Jack is a mad gardener and owns a small 5 acre property on a hill near the Tumut River. Jack lives off grid and has a veggie patch that’s the envy of the
district. There is a small 3 meter wide strip of land owned by Jill between Jack’s property and the river.
Jack and Jill are pretty good mates and in return for some fresh veggies, Jill agrees to let Jack run a small irrigation pipe over her land to pump water up the hill from the river. Jill takes water from the river for her stock under a basic landholder right and thinks this same basic right applies to Jack.
But does it?
A basic landholder right is the right of an owner or occupier of land without the need for an access licence, water supply work
approval or water use approval to:
- take water from any river, estuary or lake to which the land has frontage or from any aquifer underlying the land;
- construct and use a water supply work such as water pump or water bore for the purpose of taking, capturing or storing water;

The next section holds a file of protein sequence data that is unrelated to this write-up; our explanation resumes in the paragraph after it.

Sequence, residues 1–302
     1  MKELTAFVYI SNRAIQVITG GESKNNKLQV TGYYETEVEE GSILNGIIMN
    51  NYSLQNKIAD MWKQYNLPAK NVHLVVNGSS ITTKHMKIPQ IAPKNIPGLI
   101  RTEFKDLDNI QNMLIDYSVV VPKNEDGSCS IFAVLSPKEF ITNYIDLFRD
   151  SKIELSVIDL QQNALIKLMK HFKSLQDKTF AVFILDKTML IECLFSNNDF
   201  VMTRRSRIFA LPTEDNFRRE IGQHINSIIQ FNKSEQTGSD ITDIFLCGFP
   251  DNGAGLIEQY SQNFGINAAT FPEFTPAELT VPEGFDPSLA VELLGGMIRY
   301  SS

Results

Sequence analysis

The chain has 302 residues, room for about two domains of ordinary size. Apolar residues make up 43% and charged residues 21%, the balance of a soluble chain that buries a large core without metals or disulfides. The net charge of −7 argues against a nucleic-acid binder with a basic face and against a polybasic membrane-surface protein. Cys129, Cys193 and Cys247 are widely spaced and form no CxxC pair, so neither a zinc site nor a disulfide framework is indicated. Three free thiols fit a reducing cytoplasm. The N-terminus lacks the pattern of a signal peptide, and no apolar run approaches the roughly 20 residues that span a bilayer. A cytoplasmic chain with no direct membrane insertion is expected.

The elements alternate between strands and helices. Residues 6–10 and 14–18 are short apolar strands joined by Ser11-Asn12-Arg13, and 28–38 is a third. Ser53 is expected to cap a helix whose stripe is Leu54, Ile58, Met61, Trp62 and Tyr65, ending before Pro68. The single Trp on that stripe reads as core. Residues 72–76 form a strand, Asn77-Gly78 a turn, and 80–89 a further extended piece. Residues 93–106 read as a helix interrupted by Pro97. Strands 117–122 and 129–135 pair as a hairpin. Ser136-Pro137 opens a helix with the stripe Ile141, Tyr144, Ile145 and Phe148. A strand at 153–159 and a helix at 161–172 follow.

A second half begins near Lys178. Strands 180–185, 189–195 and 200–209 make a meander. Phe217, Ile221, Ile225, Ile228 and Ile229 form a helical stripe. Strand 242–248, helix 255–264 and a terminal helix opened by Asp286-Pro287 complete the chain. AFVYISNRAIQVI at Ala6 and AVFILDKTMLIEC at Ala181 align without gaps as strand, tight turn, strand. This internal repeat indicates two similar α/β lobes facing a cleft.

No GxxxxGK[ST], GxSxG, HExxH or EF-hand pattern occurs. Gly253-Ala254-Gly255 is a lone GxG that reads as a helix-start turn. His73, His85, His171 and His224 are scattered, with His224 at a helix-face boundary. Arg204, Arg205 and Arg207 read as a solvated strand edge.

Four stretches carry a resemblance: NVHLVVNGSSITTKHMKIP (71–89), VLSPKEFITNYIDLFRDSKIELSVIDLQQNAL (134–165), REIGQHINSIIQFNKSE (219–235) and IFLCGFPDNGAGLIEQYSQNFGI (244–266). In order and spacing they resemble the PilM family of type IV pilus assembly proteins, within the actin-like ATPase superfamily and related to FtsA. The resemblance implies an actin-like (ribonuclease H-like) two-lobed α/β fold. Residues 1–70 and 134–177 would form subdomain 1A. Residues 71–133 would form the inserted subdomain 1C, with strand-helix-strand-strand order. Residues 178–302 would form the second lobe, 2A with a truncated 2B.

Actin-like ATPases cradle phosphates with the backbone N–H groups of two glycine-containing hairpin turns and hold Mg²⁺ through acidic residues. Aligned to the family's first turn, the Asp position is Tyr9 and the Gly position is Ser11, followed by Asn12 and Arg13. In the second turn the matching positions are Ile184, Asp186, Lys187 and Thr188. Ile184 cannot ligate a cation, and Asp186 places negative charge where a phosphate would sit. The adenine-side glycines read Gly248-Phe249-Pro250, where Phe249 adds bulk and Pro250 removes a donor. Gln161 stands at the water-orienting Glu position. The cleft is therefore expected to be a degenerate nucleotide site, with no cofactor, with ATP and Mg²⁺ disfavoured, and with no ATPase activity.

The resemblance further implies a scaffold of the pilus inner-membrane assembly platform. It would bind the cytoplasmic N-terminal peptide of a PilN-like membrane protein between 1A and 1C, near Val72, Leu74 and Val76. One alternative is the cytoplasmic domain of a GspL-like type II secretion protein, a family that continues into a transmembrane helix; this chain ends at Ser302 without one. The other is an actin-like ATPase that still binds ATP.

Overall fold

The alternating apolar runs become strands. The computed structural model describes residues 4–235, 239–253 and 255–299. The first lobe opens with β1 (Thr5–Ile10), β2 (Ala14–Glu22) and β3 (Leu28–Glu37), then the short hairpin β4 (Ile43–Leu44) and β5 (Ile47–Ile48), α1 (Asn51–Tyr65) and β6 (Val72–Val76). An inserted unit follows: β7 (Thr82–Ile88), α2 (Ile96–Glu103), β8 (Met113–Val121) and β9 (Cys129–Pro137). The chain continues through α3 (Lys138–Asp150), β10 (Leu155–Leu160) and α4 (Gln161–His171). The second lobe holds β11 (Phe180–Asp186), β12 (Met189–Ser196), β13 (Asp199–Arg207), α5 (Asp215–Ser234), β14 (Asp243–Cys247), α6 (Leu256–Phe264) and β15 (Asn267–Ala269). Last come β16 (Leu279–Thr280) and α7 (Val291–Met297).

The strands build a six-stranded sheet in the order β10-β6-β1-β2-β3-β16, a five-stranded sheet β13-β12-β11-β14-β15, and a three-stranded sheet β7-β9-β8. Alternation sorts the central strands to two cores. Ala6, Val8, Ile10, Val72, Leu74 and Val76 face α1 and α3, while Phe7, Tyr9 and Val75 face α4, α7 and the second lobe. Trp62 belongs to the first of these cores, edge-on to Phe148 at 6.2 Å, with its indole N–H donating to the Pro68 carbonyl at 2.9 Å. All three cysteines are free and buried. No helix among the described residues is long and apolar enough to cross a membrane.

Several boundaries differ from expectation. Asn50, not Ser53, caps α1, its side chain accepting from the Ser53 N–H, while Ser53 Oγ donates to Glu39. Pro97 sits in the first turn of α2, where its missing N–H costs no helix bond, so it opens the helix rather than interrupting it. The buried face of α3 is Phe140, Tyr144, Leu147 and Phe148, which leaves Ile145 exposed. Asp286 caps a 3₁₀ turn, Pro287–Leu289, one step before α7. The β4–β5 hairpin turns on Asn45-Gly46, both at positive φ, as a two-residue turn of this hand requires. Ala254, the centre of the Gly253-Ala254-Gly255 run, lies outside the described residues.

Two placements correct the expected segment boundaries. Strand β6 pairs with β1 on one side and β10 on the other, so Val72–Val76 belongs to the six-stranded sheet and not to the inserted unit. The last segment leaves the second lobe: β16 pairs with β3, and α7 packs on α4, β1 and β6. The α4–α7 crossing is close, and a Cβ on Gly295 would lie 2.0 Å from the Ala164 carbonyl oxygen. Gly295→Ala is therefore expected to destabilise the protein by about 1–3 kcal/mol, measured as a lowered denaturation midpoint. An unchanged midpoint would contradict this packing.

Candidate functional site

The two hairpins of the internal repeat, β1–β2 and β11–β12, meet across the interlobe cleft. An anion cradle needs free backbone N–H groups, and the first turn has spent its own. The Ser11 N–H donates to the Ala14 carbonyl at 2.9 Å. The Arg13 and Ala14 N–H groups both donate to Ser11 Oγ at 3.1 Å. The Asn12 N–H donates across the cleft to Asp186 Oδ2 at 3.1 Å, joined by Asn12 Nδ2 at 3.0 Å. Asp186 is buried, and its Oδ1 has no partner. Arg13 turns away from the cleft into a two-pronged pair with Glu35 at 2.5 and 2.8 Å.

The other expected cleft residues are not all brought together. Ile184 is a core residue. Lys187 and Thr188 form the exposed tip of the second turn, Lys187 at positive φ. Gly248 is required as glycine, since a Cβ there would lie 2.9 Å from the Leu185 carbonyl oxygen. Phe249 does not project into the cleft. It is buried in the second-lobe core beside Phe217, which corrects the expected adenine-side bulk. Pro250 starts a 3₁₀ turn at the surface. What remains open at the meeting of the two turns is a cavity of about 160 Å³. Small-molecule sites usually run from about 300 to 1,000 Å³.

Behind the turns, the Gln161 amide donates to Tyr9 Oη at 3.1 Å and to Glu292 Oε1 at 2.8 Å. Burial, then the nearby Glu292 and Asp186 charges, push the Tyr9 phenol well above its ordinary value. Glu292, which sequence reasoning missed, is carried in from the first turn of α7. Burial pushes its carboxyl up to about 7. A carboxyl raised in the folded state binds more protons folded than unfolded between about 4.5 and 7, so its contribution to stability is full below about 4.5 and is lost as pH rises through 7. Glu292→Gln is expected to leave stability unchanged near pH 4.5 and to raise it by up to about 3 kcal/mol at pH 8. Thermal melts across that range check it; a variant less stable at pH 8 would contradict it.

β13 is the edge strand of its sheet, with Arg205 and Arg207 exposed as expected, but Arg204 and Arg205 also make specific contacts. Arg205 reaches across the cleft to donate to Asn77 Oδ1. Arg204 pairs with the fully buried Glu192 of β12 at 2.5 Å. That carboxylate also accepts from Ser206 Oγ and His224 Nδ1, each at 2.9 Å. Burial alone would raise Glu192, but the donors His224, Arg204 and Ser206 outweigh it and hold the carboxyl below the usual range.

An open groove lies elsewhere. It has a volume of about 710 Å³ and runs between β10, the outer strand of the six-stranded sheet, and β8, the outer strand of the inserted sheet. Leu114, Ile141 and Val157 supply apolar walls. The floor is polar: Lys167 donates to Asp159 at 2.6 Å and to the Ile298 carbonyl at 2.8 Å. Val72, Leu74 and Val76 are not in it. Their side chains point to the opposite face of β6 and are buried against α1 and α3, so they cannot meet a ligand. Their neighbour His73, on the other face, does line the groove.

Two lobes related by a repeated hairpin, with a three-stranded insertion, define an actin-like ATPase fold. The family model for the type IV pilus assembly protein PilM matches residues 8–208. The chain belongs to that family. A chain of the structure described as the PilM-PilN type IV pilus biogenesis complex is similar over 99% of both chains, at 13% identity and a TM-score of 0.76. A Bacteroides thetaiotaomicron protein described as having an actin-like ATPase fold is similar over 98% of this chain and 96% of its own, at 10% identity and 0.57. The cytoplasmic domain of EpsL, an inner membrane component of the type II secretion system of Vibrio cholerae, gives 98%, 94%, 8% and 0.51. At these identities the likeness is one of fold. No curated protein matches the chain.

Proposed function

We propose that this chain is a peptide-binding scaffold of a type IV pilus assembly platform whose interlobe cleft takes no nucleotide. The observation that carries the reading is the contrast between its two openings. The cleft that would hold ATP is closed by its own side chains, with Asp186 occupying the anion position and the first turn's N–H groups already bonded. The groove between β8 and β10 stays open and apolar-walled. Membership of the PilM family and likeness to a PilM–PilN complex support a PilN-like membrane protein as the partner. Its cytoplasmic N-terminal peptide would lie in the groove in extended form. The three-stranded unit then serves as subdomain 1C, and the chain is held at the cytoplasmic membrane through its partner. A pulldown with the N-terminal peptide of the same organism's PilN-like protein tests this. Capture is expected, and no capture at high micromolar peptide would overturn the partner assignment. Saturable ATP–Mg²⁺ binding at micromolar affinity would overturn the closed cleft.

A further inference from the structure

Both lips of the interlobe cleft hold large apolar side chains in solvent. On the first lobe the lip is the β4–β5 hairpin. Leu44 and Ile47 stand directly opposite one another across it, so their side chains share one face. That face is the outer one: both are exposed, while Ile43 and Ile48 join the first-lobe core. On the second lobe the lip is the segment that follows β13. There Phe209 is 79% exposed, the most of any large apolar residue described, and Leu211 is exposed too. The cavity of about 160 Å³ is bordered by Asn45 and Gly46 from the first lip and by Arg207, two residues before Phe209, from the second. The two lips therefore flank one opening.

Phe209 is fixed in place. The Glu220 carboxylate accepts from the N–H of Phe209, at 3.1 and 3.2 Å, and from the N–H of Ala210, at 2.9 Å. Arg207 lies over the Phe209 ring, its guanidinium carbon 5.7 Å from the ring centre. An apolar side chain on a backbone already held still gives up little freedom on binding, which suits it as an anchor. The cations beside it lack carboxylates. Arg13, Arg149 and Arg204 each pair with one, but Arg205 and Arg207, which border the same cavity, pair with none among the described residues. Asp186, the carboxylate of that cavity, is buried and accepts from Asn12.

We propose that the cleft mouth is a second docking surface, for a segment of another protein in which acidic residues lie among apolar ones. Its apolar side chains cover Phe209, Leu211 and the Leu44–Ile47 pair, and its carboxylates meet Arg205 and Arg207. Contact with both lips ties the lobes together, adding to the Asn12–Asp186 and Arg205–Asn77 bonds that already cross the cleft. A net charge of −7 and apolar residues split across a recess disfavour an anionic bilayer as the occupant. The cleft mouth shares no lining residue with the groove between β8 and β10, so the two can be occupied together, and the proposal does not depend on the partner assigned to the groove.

- use the water taken for domestic consumption and stock watering, but not for any other purpose.
In other words, the source of water must directly adjoin, pass through or underlie your land, for example direct river frontage.
This does not include a water source that requires you to access the water across another person’s land,
public land or Crown land whether or not the owner or occupier of that land agrees for you to do so.
An individual who uses water from a water source without an approval is guilty of an offence that may carry a penalty.
In the above scenario, Jill has a basic landholder right to take water but Jack does not. Jack needs to make an application to WaterNSW to obtain a licence
to pump water, from the river across Jill’s land.
If you need advice on water supply works, use or access approvals or licences, contact JMA Legal.
This article is general information only and should not be relied on without obtaining further specific information.